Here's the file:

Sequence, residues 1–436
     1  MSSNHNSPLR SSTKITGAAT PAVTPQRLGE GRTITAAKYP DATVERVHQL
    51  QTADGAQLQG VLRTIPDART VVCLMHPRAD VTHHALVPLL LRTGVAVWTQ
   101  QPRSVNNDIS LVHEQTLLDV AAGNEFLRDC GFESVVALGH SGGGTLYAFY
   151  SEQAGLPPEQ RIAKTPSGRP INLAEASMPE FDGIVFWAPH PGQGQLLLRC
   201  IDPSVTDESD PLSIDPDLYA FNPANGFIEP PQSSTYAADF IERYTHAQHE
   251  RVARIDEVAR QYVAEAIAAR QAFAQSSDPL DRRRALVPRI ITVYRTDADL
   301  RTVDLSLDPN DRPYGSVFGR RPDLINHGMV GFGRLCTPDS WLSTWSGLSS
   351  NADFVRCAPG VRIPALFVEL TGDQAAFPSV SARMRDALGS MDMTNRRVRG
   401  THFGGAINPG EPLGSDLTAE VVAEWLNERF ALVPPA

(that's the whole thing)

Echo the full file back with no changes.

Sequence, residues 1–436
     1  MSSNHNSPLR SSTKITGAAT PAVTPQRLGE GRTITAAKYP DATVERVHQL
    51  QTADGAQLQG VLRTIPDART VVCLMHPRAD VTHHALVPLL LRTGVAVWTQ
   101  QPRSVNNDIS LVHEQTLLDV AAGNEFLRDC GFESVVALGH SGGGTLYAFY
   151  SEQAGLPPEQ RIAKTPSGRP INLAEASMPE FDGIVFWAPH PGQGQLLLRC
   201  IDPSVTDESD PLSIDPDLYA FNPANGFIEP PQSSTYAADF IERYTHAQHE
   251  RVARIDEVAR QYVAEAIAAR QAFAQSSDPL DRRRALVPRI ITVYRTDADL
   301  RTVDLSLDPN DRPYGSVFGR RPDLINHGMV GFGRLCTPDS WLSTWSGLSS
   351  NADFVRCAPG VRIPALFVEL TGDQAAFPSV SARMRDALGS MDMTNRRVRG
   401  THFGGAINPG EPLGSDLTAE VVAEWLNERF ALVPPA